The smart home market is exploding at the moment and there are hundreds of companies peddling hubs and sensors. What sets Essence’s SmartCare apart is a focus on unobtrusive monitoring and pattern analysis to detect when a dependent person’s daily routine changes, potentially by illness, in order to alert family members to a problem.

By using PIR motion detectors and door sensors, a pattern of behaviour is built up and deviations from the pattern can be escalated to relatives to follow-up. It’s all passive detection; there are no cameras and as such this provides an important level of privacy. Data is passed to a cloud service which in turn passes alerts to an app on a tablet or smartphone.

With an increasingly older population who want to remain in their own home, these kinds of systems will be increasingly relevant.

Jamie Davis is the host of Health Tech Weekly at HTWeekly.com. He is a nurse, paramedic and health journalist.
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Lowe’s talks about its Iris line at CES



lowesThe Internet of Things (IoT) is a quickly growing segment of the tech market with products that can do just about anything, from locking garage doors, turning lights off and on, opening and closing blinds and much more.

Lowe’s has been in this market for a while with Iris, a product line that has multiple devices to help homeowners automate their lives.

What you may not know is that these products can also be utilized to help the elderly and the handicapped. Lowe’s explains how this works, citing an example of a paraplegic who uses these devices to manage her own apartment.

Lowe’s stopped by the recent Consumer Electronics Show in Las Vegas to show off this technology and we stopped by to take a look. You’ll see some of the ones the company thinks are most important for medical and senior care. You can find it all in the video posted below and also visit irisbylowes.com.

Jamie Davis is the host of Health Tech Weekly at HTWeekly.com. He is a nurse, paramedic and health journalist

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D-Link teams up with IfTTT for its smart home solutions at CES



dlinkIf This Then That (IfTTT) can be used to accomplish all sorts of cool things and, while not limited to any particular area, it has been seeing some growth in the area of home automation as several products have enabled its usage and D-Link is doing the same.

The company is announcing that its line of mydlink is getting IfTTT integration. This will work across a broad range of devices including smart plugs, water and motion sensors, WiFi alarms and the new smart alarm detector.

“Users want to integrate and expand their home automation system with other devices and services. With the integration of IFTTT into the mydlink Home ecosystem, users can enhance and expand control of their home using IFTTT recipes to trigger a variety of actions — almost like a programmer — creating an automated home designed to fit their needs,” says Ken Loyd, Director of Product Marketing at D-Link. “Integrating with IFTTT opens up a world of possibilities and provides users with unprecedented control over their mydlink Home experience”.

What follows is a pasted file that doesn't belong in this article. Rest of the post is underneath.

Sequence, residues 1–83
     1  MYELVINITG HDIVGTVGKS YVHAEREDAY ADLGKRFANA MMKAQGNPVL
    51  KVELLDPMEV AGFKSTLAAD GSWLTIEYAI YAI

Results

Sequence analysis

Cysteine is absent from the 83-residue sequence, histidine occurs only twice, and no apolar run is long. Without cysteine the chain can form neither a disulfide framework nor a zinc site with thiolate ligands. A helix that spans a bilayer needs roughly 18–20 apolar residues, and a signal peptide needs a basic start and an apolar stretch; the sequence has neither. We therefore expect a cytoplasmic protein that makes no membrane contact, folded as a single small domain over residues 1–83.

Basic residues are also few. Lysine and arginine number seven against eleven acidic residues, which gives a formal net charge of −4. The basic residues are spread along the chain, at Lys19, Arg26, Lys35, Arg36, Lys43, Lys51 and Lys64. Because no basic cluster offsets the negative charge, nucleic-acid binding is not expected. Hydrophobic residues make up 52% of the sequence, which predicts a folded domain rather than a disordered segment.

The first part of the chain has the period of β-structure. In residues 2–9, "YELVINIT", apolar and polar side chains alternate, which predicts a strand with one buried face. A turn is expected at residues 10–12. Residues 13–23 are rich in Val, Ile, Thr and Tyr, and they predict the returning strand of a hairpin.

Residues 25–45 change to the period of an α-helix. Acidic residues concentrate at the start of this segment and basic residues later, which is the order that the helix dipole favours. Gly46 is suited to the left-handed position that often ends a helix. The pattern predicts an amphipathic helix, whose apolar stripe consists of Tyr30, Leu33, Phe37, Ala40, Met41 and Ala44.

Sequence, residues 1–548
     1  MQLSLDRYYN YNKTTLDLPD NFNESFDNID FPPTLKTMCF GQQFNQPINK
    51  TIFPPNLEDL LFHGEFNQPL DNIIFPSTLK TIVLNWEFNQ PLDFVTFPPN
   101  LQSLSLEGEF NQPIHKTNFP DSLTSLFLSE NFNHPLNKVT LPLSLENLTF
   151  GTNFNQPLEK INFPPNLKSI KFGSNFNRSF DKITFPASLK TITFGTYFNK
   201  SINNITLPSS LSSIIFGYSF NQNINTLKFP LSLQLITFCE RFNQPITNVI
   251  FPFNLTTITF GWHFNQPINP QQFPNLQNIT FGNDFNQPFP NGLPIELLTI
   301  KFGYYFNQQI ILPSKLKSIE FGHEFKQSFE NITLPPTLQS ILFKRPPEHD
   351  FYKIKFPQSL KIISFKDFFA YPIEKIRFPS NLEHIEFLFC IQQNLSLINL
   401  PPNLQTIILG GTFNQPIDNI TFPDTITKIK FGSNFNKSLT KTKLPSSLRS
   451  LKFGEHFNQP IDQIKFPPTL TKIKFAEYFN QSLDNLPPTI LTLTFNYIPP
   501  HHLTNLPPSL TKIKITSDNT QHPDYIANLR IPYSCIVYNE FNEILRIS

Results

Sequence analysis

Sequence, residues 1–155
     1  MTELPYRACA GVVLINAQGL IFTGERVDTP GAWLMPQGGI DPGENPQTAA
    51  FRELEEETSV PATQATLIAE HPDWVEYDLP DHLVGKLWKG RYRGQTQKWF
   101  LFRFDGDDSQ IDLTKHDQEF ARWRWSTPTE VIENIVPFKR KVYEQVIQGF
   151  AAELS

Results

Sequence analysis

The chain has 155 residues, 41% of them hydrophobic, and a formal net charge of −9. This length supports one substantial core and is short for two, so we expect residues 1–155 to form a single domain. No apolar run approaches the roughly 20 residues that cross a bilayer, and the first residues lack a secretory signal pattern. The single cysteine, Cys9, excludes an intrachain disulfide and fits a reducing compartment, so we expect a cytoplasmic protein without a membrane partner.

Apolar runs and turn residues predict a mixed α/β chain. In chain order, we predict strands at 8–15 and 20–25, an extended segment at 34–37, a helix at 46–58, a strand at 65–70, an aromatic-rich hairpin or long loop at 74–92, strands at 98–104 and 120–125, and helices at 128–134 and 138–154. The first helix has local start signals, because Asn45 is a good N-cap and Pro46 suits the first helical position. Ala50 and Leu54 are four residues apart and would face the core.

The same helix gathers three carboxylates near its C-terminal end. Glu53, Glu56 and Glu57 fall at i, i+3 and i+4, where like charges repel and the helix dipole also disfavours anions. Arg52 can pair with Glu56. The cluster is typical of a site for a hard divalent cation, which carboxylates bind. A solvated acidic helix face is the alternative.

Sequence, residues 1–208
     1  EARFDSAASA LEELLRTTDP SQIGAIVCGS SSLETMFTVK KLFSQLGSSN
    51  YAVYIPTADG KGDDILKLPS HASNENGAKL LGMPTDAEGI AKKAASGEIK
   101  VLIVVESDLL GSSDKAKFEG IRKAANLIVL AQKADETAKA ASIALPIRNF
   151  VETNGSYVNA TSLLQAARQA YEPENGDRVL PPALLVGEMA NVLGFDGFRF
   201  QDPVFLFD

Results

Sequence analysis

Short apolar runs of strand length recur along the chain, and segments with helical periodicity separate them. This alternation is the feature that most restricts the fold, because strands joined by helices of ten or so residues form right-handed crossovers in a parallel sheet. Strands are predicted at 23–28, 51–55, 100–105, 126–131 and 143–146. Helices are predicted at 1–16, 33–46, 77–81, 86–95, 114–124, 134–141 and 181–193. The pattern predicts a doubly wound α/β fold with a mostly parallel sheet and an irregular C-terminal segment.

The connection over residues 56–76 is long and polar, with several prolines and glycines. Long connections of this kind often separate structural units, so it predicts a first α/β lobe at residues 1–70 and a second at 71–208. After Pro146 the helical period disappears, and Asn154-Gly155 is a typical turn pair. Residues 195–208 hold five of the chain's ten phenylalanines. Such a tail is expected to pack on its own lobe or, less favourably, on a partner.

If you have used IfTTT then you know that the things you set up are “recipes”. You can choose from an ever-expanding list of ones created by other users or, if you’re ambitious, you can create your own. D-Link has provided some information on this which you can find below.

  • mydlink Wi-Fi Smart Plug: Whether scheduling a fan to turn off when you leave for work, turning on a stereo every morning to get pumped for the day, or setting a schedule for the night light to turn off in the kids’ room, with the mydlink Home app and IFTTT, the D-Link Wi-Fi Smart Plugs make homes brighter, safer and more in tune with you.
  • mydlink Wi-Fi Water Sensor: The Wi-Fi Water Sensor lets users know when leaks are detected before it’s too late. Get alerted before a problem becomes a disaster with a mobile alert and audible alarm. With an IFTTT recipe, flicker the lights in the living room if a water heater leak is detected in the garage, turn the lamp on in the bathroom if a sink or bathtub is overflowing, or sound a Wi-Fi Siren.
  • mydlink Wi-Fi Siren: D-Link’s Wi-Fi Siren can scare away potential intruders and automate a home for awareness, deterrence and security. Pair with a Wi-Fi Motion or Water Sensor to get alerted when movement or water is detected in a range of personalized ways. With an IFTTT recipe you can sound the siren if the temperature falls below freezing, so you can protect water pipes before it’s too late, or sound the siren if motion is detected after a specified time.
  • mydlink Wi-Fi Motion Sensor: Whether it’s turning on the lights in the bedroom for a bright welcome home, a siren sounding if the front door is opened in the middle of the night, or an alert to clean up the litter box, IFTTT support helps make a home react to motion. D-Link’s Wi-Fi Motion Sensor sends push notifications to a smartphone or tablet when motion is detected, so users always know what’s happening while away.
  • mydlink Smart Alarm Detector: The new Smart Alarm Detector sends users a message should a smoke or carbon monoxide alarm go off at home. Fortunately, if you’re not around to take that message, an IFTTT recipe can be used to trigger a text message, turn on a light or sound a siren

Availability of IfTTT support will come late in quarter one of 2016.